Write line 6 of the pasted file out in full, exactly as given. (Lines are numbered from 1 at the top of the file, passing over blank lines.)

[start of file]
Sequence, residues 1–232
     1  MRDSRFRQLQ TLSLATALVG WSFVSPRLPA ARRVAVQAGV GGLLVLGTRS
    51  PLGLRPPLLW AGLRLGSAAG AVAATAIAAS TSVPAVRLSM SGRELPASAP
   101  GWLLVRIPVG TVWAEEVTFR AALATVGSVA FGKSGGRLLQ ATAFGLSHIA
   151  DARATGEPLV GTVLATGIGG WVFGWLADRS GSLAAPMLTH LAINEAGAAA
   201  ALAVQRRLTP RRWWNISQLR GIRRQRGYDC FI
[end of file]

   201  ALAVQRRLTP RRWWNISQLR GIRRQRGYDC FI